I found a patch of blackberries that had just turned red. There were hundreds of little small berries all on one vine, but none were edible. It seemed like a sign really and a part of me was wistful that I couldn’t come back a week or so later to find the ripe berries waiting. I am never really happy in the here and now and always thinking about the future. It is not really a good trait and makes me too impatient.
I decide I need to turn around and join the group again, but stop to investigate a metallic looking rectangle of dark slate rock. A large flat piece has broken off, so I pick it up and carry it back like a trophy, though no one really seems impressed by it. I plan to paint a scene of the mountains on it and keep it as a souvenir.
Sherry motions me to come stand next to some strange man so we could get a picture taken. I ask why and she tells me he is hiking the entire Appalachian Trail from Georgia to Maine but I still wonder why none of the guys are in the picture.
The hiker calls himself Deacon and keeps a blog of his adventures so we get his website and check on him later to see what he says about meeting us. We are too addicted to social media.
Deacon was wearing a dark blue sweat wicking shirt with tiny holes all in it which he said got in that condition from mice and rats chewing on it while he slept in the shirt at one of the shelters! It was a good thing they only nibbled the shirt and not him.
He seemed a bit haggard as they offer him food and water, then continue to sit in the hot sun as he travels further up the trail on his own. I envied him partly. I think we all did, but it takes a lot to go that long and that far without a support team to back you up.
We joked that he carried a lighter pack than we did and we were just day hiking.
After he left another couple who had passed us earlier with their two dogs, came back down the road where I had just been and stopped to talk a bit. It was nice to see new faces and play with the dogs before finally heading back down the same trail.
To be honest, we just sort of tramped back the way we came, heads looking down at our feet and not paying too much attention to the trees or our surroundings.
A few of us stopped to go a tenth of a mile to one of the overnight shelters to see what it looked like. It was nice and even had a rake, broom and shovel near it and a large pole with a hoisting rod to raise your pack up high and out of reach of bears.
There were signs everywhere warning about the dangers of bears on the trail, but we didn’t see a one, not even a paw print or scat or claw marks on a tree. It was a little disappointing, but I guess really, all for the best.
Denmond did get Sherry by hiding behind a tree and growling at her as she went past. She screamed and I laughed thinking she was playing along with the game, but it turned out he really did scare her and she got mad that she screamed, but we all got a good laugh out of it and she and Pam and Helen later posed for a picture screaming like they had seen a bear for real, so it made for some good memories and to be fair Denmond did have a really deep growl. I thought maybe he just had gas and had moved politely off to the side to get relief. I guess I am dumb that way. I’d probably be the first one eaten by a bear if we came upon one while Sherry would escape.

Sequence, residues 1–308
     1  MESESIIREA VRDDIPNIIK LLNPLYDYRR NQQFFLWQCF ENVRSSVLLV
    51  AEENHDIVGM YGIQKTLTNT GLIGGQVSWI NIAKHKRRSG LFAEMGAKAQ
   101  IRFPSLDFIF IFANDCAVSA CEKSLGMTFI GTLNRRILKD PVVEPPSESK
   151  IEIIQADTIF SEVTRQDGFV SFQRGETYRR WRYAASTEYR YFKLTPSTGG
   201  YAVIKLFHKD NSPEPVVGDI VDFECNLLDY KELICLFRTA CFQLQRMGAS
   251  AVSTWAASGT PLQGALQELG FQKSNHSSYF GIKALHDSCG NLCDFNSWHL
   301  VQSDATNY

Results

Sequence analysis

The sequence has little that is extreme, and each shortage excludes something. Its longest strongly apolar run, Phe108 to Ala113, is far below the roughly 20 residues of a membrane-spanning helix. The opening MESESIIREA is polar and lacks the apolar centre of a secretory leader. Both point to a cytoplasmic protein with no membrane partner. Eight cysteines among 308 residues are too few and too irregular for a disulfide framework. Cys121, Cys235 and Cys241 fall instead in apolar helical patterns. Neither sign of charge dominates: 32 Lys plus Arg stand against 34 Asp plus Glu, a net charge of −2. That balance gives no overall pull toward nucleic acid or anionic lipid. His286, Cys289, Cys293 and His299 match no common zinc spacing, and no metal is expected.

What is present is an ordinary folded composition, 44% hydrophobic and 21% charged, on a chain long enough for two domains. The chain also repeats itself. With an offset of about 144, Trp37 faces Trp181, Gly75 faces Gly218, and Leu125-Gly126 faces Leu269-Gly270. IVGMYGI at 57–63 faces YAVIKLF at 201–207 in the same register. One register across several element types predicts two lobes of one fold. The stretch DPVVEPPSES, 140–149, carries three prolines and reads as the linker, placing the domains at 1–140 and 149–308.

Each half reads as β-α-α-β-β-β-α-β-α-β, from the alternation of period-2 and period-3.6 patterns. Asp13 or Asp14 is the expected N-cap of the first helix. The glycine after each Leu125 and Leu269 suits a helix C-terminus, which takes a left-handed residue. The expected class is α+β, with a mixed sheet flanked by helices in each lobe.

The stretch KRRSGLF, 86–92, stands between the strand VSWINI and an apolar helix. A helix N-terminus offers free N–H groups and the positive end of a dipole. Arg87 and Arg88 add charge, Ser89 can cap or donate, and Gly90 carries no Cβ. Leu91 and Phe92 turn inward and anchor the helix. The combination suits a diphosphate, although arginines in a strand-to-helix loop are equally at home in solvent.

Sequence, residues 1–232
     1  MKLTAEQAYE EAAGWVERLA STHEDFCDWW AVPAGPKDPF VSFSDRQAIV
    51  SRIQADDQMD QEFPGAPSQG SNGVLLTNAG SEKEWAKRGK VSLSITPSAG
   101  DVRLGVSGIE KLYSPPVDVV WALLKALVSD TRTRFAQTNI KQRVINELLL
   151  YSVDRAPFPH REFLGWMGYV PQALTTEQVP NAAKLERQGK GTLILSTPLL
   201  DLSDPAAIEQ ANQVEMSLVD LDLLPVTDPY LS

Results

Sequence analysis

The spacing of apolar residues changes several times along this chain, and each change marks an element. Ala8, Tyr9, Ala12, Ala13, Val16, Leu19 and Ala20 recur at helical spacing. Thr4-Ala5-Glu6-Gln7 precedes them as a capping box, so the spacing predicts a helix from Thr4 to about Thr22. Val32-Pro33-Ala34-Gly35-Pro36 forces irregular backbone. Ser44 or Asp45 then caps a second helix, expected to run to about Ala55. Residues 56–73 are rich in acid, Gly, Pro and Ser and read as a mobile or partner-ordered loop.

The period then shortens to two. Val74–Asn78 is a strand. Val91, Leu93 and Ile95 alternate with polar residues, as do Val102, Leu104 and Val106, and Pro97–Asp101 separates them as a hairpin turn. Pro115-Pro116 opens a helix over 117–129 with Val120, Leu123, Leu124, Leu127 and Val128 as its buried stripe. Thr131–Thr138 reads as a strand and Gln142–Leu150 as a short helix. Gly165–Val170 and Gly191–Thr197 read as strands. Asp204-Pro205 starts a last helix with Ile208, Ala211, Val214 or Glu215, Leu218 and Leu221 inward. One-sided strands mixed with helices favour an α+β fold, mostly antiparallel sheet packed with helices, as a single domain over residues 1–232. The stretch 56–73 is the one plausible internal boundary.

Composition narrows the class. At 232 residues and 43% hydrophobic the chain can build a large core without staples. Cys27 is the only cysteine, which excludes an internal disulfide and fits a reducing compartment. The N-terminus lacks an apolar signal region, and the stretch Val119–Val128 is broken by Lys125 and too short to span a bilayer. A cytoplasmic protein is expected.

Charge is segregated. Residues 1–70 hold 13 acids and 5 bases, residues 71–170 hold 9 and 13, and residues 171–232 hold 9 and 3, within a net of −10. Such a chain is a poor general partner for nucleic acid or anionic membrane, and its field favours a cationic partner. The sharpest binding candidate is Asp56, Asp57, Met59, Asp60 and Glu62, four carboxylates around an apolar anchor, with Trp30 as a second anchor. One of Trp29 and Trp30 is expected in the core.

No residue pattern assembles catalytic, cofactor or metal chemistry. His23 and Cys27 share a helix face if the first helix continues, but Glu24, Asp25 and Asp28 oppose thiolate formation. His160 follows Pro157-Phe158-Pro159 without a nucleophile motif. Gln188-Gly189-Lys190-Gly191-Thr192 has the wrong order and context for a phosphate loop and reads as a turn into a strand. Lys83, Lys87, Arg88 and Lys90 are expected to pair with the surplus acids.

Holly said she was ready to throw her saved blueberry in for the rescue and run tossing peanut butter sandwiches right and left for distraction. We were after all runners, so we might have stood a chance, though I imagine most bears would rather not have anything to do with most humans.
By the time we got back to the hotel we had almost four hours before eating. We decided to eat at the Mexican restaurant downstairs. It was the best meal I had the whole entire journey and I ate way more than I should have, but it was good.
A blue grass concert was playing in a field across the way, so we all went to watch.
I am not a huge fan of country or bluegrass, but the songs had a gospel tilt to them and I found myself tearing up thinking of my family when I was a kid and all the fun times we had and the values instilled upon us by simple country folk who put God and family before all else.
We watched as a man with too much to drink got up and did a jig under a trellis made of twigs.
I snuck off down the trails again and spied two more deer that did not see me at first. When they did they got nervous and one made a whistling snort as the two of them clattered their hooves on the hard rock and took off into thicker cover. I have never heard a deer whistle before so that was a new one.
I didn’t want to leave the music, but everyone was headed back and it was starting to get dark. As we were half way back they began to play “I’ll fly away old glory”. I had to turn back and listen. I have not heard that song sung in a very long time. The last time was at the funeral of my friend’s mother. I cried again, but it was happy tears and I felt closer to God than I had in a long time and was very grateful to have had the opportunity to unwind in a beautiful setting among friends. Life was good.
The next day we left way too early! I had wanted to stop in South Carolina at a place called Hamrick’s that sells really good quality clothes for really cheap prices, but the itinerary called for eating at McDonalds and heading home post haste to get back by midday so everyone could unpack, retrieve their pets from the vet and get some rest before heading back to work the next day.
That plan was thwarted by a flipped car on I-95 that blocked traffic from South Carolina to Georgia for over an hour.
Our driver was impatient enough when traffic was flowing, but we all survived and called to warn the others behind us to take a different route down Highway 17.
I thanked our hosts as we left and climbed stiff legged into my own truck. It felt odd to drive after four days of being a passenger only! When I got home, all but the cat were happy to see me.